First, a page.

What happened in the Wolf Den? A case for the Sheesh-O-Meter

This is the last Daily Dawg until July 13th. The Dawg is going to take his annual break and chew on a few bones before returning in fine fettle.  At least we hope our fettle will be fine.  There will be plenty of bones to chew.  You have probably already heard about the SCOTUS decision on gay and transgender employees.  We will lead off with that one on July 13th.  

For today, we offer a candidate for the Sheesh-O-Meter. 

At Webb Elementary School in the Hazel Park Community School district in Michigan students sometimes spend some time in the “Wolf Den” to de-escalate from strong emotions, gain perspective on life by talking to an adult, and otherwise calm down.  That’s how the school describes the Wolf Den.  But after an 8-year old girl was accidentally injured in the Den, a lawyer provided a more colorful description. 

When the student tried to escape from the Den, evading the two educators who had chased her through the school hallway as she ran, one of the educators slammed the door on the girl’s finger.  Ouch!  It was an accident, but the suit alleged that this amounted to an unconstitutional “seizure” in violation of the 4th Amendment, and a malicious violation of the girl’s right to bodily integrity in violation of the 14th Amendment. 

Nope.  The court dismissed these claims, largely due to the disconnect between the pleadings and the evidence.  The plaintiff alleged that the 8-year old was “locked in a windowless room by herself for hours at a time essentially subjecting [the student] to tactics used by police when interrogating hardened criminals.”  The court noted that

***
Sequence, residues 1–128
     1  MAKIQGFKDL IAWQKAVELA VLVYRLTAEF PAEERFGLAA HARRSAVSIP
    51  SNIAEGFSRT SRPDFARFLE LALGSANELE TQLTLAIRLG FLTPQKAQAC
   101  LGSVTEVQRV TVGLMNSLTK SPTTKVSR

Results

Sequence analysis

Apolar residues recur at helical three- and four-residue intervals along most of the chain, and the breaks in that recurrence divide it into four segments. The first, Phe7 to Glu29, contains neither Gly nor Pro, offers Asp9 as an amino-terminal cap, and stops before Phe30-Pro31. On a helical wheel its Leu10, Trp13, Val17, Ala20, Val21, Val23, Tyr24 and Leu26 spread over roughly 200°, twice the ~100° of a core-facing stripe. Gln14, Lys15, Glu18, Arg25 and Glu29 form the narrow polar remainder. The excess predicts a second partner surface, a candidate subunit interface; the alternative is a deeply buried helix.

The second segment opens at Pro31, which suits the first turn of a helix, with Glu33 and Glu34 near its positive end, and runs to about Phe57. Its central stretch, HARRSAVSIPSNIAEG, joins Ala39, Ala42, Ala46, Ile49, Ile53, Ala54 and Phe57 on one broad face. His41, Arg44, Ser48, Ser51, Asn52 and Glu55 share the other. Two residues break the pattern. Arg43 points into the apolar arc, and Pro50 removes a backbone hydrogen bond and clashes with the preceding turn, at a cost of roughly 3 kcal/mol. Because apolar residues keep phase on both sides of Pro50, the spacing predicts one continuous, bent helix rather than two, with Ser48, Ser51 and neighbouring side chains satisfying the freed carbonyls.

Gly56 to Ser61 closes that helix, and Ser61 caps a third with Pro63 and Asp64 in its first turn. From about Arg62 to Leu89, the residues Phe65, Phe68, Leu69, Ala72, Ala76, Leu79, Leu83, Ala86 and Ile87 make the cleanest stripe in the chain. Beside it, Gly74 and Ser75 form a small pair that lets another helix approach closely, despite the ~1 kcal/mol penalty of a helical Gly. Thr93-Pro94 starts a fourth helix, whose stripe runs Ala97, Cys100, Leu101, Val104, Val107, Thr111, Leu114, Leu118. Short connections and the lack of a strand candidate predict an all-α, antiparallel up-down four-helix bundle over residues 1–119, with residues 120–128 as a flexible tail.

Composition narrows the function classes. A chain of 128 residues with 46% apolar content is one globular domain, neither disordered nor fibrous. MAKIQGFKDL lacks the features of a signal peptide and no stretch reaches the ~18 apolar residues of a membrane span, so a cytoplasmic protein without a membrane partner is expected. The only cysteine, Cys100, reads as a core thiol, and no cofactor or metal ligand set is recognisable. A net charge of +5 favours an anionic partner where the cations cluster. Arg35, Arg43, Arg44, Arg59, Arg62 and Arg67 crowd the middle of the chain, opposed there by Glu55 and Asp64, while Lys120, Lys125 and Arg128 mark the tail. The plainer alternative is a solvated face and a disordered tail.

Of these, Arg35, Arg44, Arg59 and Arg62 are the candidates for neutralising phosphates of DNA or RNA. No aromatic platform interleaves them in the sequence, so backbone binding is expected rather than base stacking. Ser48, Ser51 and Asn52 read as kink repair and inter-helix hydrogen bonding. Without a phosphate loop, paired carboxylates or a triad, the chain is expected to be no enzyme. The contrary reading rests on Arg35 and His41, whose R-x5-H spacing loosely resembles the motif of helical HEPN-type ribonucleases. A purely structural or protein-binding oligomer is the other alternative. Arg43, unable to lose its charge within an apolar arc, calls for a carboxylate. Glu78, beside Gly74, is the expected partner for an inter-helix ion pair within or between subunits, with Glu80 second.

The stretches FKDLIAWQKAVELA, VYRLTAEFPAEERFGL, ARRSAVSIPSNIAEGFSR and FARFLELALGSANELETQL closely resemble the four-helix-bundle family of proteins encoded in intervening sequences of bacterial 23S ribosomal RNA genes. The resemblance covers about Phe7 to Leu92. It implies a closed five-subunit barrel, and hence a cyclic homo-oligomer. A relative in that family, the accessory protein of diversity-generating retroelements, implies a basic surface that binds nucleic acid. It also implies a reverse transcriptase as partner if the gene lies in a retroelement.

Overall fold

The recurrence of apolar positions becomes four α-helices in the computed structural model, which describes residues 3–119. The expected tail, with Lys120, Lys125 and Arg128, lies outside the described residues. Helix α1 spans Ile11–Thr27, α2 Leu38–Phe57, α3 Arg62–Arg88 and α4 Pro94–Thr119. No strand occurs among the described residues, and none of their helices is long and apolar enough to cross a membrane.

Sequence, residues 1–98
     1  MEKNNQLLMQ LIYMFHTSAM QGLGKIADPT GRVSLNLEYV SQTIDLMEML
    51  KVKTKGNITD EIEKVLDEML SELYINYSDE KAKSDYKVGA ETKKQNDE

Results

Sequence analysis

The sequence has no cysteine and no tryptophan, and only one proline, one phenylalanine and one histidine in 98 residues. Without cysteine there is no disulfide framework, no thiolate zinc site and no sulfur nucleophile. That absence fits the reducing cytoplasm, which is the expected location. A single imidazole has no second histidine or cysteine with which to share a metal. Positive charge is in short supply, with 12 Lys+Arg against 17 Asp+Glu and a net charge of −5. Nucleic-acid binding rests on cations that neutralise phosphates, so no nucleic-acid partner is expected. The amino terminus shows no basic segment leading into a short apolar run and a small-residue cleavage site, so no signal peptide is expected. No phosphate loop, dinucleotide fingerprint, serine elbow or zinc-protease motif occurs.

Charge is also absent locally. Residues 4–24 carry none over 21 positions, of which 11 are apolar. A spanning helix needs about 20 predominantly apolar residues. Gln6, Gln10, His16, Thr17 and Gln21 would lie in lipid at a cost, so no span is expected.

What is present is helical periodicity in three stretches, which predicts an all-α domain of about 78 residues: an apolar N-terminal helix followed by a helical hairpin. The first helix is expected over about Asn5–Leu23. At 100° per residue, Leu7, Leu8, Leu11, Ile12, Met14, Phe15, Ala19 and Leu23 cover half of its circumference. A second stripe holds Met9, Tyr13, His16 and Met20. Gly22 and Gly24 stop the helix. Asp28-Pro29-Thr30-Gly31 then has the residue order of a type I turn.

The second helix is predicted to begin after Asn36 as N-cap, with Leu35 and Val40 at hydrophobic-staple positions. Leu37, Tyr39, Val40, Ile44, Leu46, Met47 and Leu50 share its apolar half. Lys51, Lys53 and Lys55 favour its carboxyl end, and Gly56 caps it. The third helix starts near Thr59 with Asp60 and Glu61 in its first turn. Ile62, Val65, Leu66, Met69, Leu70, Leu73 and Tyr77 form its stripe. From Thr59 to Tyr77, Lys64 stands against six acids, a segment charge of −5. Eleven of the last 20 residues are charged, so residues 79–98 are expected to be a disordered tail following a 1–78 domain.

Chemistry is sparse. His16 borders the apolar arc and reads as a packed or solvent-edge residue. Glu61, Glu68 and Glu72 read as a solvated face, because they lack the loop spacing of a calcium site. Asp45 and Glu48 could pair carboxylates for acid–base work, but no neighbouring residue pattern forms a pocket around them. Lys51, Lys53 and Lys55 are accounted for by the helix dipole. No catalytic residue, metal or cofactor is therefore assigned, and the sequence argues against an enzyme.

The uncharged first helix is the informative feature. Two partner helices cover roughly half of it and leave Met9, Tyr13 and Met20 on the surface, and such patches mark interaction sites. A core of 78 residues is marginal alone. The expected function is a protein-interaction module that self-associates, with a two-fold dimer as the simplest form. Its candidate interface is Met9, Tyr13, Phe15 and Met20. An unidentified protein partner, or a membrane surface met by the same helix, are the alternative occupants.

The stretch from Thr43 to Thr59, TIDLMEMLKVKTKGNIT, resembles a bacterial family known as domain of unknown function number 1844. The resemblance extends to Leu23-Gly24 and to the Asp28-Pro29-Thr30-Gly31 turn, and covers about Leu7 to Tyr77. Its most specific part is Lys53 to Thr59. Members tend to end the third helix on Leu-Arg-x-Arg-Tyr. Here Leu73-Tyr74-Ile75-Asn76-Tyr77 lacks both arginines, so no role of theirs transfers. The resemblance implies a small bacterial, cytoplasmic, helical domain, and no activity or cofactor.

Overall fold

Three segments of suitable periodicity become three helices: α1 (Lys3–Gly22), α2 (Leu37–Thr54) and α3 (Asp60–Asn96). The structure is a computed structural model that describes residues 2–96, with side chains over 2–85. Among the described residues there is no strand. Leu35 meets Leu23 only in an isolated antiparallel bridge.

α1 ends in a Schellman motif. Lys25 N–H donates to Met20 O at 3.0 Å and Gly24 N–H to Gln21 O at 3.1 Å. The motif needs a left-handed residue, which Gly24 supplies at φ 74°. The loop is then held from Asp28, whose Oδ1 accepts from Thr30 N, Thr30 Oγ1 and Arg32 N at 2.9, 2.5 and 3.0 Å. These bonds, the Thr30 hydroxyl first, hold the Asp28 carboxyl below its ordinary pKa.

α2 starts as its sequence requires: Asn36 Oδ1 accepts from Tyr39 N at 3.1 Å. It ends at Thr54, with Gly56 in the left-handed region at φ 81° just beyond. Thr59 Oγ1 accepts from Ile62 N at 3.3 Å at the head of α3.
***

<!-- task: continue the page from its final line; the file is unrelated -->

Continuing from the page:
None of the evidence in the record, however, supports these allegations. Plaintiff has not demonstrated that she was ever locked in the room alone, let alone for prolonged periods of time.

The plaintiff claimed that the district had a “practice of isolating young children with learning or mental disabilities by placing them alone, without adult supervision, in windowless, closet-like rooms for prolonged periods of time.”  But when she testified, the mother acknowledged that she knew of no other children ever being “isolated.”  The little girl in this case was not isolated—she was accompanied by two adults.  And the “windowless” room had two large windows. 

Lawyers are supposed to investigate the facts before they file a lawsuit.  That doesn’t always happen. 

The case is Wadley v. Hazel Park Community Schools, decided by the U.S. District Court for the Eastern District of Michigan on December 6, 2019.  We found it at Special Ed Connection at 75 IDELR 221.

See you in a couple of weeks, Readers. Enjoy the 4th